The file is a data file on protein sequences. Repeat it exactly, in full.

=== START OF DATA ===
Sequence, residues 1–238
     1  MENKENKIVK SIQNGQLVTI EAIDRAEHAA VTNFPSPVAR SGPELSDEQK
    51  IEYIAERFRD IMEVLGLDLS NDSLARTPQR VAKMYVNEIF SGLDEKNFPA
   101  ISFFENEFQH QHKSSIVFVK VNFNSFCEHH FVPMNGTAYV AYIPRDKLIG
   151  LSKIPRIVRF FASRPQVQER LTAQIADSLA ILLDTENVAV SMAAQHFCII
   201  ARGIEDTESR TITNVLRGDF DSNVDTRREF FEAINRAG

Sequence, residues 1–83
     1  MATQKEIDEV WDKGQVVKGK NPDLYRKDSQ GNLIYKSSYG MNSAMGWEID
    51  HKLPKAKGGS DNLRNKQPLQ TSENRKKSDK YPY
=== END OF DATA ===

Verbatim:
Sequence, residues 1–238
     1  MENKENKIVK SIQNGQLVTI EAIDRAEHAA VTNFPSPVAR SGPELSDEQK
    51  IEYIAERFRD IMEVLGLDLS NDSLARTPQR VAKMYVNEIF SGLDEKNFPA
   101  ISFFENEFQH QHKSSIVFVK VNFNSFCEHH FVPMNGTAYV AYIPRDKLIG
   151  LSKIPRIVRF FASRPQVQER LTAQIADSLA ILLDTENVAV SMAAQHFCII
   201  ARGIEDTESR TITNVLRGDF DSNVDTRREF FEAINRAG

Sequence, residues 1–83
     1  MATQKEIDEV WDKGQVVKGK NPDLYRKDSQ GNLIYKSSYG MNSAMGWEID
    51  HKLPKAKGGS DNLRNKQPLQ TSENRKKSDK YPY